Pros of B+-tree
Again, B+-tree is a more versatile storage structure than hashing. It supports retrievals based on exact key match, pattern matching, range of values, and part key specification. The B+-tree index is dynamic, growing as the relation grows. Thus, unlike ISAM, the performance of a B+-tree file does not deteriorate as the relation is updated. The B+-tree also maintains the order of the access key even’ when the file is updated, so retrieval of tuples in the order of the access key is more efficient than ISAM.
Cons of B+-tree
However, if the relation is not frequently updated, the ISAM structure may be more efficient as it has one less level of index than the B+-tree, whose leaf nodes contain pointers to the actual tuples rather than the tuples themselves.
Some DBMSs, such as Oracle, support clustered and non-clustered tables. Clusters are group of one or more tables physically stored together because they share common columns and are often used together. With related records being physically stored together, disk access time is improved. The related columns of the table in a cluster are called the cluster key. The cluster key is stored only once, and so clusters store a set of tables more efficiently than if the tables were stored individually.
Let us consider a case of emp and dept tables whose instances are shown in table. Both the tables have deptno as a common column. In Oracle these tables may be clustered together as shown in figure with deptno as a cluster key which is stored only once to improve the efficiency of the system.
Illustrates how the EMP and Dept tables would be stored if we clustered the tables based on the column Deptno. When these two tables are clustered, each unique Deptno value is stored only once, in the cluster key. To each Deptno value are attached the column from both these tables.
The choice of whether to use a clustered or non-clustered table depends on the analysis of the transactions undertaken previously, but the choice can have an impact on performance.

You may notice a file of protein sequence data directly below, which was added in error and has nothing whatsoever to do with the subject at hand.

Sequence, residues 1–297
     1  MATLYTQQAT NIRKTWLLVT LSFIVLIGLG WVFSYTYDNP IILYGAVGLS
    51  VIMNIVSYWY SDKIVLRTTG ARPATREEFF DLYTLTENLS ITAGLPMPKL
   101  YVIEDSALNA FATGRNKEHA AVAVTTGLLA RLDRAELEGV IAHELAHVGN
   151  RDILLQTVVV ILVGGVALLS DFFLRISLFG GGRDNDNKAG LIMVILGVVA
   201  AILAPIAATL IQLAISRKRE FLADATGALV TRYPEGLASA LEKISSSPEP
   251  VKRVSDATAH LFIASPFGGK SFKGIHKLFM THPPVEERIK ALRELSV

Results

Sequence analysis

Oracle supports two types of clusters: indexed clusters and hash clusters.
In an index cluster, records with the same cluster key are stored together. Oracle suggests using indexed clusters when:
• Queries retrieve records over a range of cluster key value;
• Clustered tables may grow unpredictable.
Cluster can improve performance of retrieval, depending on the data distribution and what SQL operations are most often performed on the data. In particular, tables that are joined in a query benefit from the use of clusters because the records common to the joined tables are retrieved with the same I/O operation.
Hash clusters also cluster table data in a manner similar to index clusters. However, a record is stored in a hash cluster based on the result of applying a hash function to the record’s cluster key value. All records with the same hash key value are stored together on disk.
The choice of whether to use a clustered or non-clustered table depends on the analysis of the transactions undertaken previously, but the choice can have an impact· on performance
Guidelines for the use of Cluster tables
The following guidelines may be helpful when deciding about the cluster tables:
• Consider clustering tables when tables are often accessed in join statements.
• Do not cluster tables if they are joined only occasionally or their common column values are modified frequently. (Modifying a row’s cluster key value takes longer than modifying the value in an unclustered table, because Oracle may have to migrate the modified row to another block to maintain the cluster.)
• Do not cluster table if a full search of one of the tables is often required. (A full search of a clustered table can take longer than a full search of an unclustered table. Oracle is likely to read more blocks because the tables are stored together.)
• Consider clustering tables involved in a one-to-many (1: M) relationship if a row is often selected from the parent table and then the corresponding rows from the child table. (Child rows are stored in the same data block(s) as the parent row, so they are likely to be in memory when selected, requiring Oracle to perform less I/O.)
• Do not cluster tables of the data from all tables with the same cluster key value exceeds more than one or two Oracle blocks. (To access a row in a clustered table. Oracle reads all blocks containing rows with that value. If these rows occupy multiple blocks, accessing a single row could require more reads than accessing the same row in an unclustered table.)